Referee: Bauer reinstated the 194-match ban
Trevor Bauer’s initial 324-game suspension for violating Major League Baseball’s domestic violence policy was reduced to 194 games by an independent arbitrator who also reinstated him.
Bauer’s legal representatives and his employer, the Los Angeles Dodgers, were notified of the arbitrator’s decision Thursday afternoon, ending the seven-month grievance process and bringing some clarity to an saga that had been unfolding over the past year and a half.
Bauer served only 144 games from his suspension, but umpire Martin Scheinman mainly gave him credit for the time he served the MLB restricted list in the second half of the 2021 season. Bauer will have his paycheck deducted through the first 50 games of the 2023 season but will be officially reinstated on Friday.
The Dodgers will have 14 days, through January 6, to decide whether to release him or add him to their 40-man roster.
The Dodgers weren’t expecting a decision until sometime in January, and were caught off guard when they were told about it three days before Christmas, learning of the ruling’s outcome about half an hour before MLB issued a statement to the media, a source said. Close to the situation, ESPN said. The Dodgers responded with a short statement that read: “We have just been notified of the arbitrator’s decision and will be commenting as soon as practicable.”
Bauer’s legal team — consisting of John Fetterulf, Sean Hawley and Rachel Lupa — also issued a statement that read: “While we are pleased to have Mr. Bauer reinstated immediately, we do not agree that any order should have been imposed. That said, Mr. Bauer is looking forward to his return to the field.” , as his goal remains to help his team win the World Championship.”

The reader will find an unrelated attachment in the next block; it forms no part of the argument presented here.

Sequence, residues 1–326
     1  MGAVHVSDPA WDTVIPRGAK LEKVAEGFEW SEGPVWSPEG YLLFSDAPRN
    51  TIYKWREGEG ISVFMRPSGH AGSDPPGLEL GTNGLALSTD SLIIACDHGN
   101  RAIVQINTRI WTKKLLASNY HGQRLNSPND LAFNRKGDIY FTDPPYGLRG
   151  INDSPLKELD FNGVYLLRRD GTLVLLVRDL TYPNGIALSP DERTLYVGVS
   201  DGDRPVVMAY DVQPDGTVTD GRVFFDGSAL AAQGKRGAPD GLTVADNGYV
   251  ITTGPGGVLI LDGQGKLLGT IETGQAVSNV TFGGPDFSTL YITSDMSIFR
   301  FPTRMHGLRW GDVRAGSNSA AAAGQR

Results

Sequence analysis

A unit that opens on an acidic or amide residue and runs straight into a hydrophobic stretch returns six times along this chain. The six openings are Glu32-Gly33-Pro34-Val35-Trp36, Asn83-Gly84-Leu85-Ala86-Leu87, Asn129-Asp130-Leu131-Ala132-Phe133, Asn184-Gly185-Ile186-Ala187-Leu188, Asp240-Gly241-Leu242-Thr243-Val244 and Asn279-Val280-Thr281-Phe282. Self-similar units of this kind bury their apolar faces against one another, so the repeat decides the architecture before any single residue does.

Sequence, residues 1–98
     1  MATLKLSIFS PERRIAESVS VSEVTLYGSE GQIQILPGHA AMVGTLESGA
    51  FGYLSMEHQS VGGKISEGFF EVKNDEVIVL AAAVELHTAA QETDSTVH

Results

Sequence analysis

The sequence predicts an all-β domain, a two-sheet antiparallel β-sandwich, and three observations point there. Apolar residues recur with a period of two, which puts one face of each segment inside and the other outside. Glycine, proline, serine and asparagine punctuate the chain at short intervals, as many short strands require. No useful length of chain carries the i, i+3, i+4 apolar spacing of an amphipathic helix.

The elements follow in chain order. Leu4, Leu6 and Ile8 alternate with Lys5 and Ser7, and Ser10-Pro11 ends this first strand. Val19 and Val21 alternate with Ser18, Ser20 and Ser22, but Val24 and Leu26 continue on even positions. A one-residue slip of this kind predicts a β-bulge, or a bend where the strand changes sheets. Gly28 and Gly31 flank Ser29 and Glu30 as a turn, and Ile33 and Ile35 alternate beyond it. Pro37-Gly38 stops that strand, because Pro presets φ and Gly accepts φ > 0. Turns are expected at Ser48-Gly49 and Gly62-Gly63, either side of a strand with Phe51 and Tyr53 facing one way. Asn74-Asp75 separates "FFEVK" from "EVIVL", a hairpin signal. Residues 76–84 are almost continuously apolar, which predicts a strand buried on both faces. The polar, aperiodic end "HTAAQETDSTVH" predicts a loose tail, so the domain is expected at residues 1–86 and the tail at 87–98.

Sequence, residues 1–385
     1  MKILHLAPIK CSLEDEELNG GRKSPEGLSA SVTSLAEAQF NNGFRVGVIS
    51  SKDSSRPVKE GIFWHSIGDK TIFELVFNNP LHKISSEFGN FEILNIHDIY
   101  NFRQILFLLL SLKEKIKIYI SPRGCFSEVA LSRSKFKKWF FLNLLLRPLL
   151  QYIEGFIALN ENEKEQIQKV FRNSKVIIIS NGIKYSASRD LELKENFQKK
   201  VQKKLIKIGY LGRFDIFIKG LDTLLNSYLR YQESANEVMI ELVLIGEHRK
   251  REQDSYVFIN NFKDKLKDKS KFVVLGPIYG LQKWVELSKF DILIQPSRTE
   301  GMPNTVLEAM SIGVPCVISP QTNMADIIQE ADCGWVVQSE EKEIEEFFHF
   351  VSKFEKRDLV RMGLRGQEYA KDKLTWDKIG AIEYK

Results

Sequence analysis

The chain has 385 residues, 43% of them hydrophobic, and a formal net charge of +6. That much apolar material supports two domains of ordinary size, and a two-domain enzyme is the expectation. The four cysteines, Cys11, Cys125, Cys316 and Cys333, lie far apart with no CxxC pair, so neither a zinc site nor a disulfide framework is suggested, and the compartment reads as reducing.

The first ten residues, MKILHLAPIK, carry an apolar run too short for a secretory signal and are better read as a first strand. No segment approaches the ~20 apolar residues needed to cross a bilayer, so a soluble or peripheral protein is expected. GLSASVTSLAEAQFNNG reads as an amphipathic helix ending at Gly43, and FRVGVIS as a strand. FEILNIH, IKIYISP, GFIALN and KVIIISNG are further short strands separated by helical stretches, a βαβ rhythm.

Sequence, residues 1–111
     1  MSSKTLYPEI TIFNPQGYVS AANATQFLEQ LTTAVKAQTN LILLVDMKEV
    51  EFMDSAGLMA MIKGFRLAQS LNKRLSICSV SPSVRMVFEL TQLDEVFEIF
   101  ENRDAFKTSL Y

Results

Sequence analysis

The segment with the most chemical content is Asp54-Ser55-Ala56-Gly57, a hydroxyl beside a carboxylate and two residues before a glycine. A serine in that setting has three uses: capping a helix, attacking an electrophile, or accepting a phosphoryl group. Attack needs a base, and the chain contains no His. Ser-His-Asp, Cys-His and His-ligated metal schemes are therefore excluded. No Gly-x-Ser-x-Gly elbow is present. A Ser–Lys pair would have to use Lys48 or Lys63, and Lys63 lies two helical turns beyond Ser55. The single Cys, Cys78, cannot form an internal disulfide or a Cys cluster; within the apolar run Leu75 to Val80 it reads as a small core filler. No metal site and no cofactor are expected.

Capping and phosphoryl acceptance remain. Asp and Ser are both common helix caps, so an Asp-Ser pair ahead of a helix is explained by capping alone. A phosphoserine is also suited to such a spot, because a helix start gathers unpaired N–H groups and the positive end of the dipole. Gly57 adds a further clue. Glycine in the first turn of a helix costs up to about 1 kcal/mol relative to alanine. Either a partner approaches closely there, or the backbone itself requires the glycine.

Bauer is entering the final year of a three-year, $102 million contract he signed with the Dodgers in February 2021. He will have forfeited $37.5 million from that contract through his suspension. The Dodgers saved about $28 million of his salary in 2022 and will save about $9.5 million in 2023, a circumstance that could allow them to fall below the luxury tax threshold. It would guarantee Bauer’s remaining salary of $22.5 million even if he was released by the Dodgers.
Despite the reduction, Bauer’s suspension remains the longest in the seven-year domestic violence policy that was jointly agreed upon by MLB and the MLB Players Association in 2015.
“While we believe a longer suspension was warranted, MLB will abide by the neutral arbitrator’s decision, which upholds the longest suspension of players in baseball for sexual assault or domestic violence,” MLB wrote in its statement Thursday. “We understand that this process has been difficult for the witnesses involved and we thank them for their participation. Due to the confidentiality provisions collectively negotiated in the joint program, we are unable to provide further details at this time.”
Bauer, a 31-year-old former Cy Young Award winner, has been facing sexual assault allegations since a San Diego woman obtained a temporary restraining order against him near the end of June 2021. Bauer has disputed her allegations and remains in litigation with a woman whom ESPN chose not to name. Two other Ohio women made similar assault allegations to The Washington Post, which Bauer and his legal team also disputed.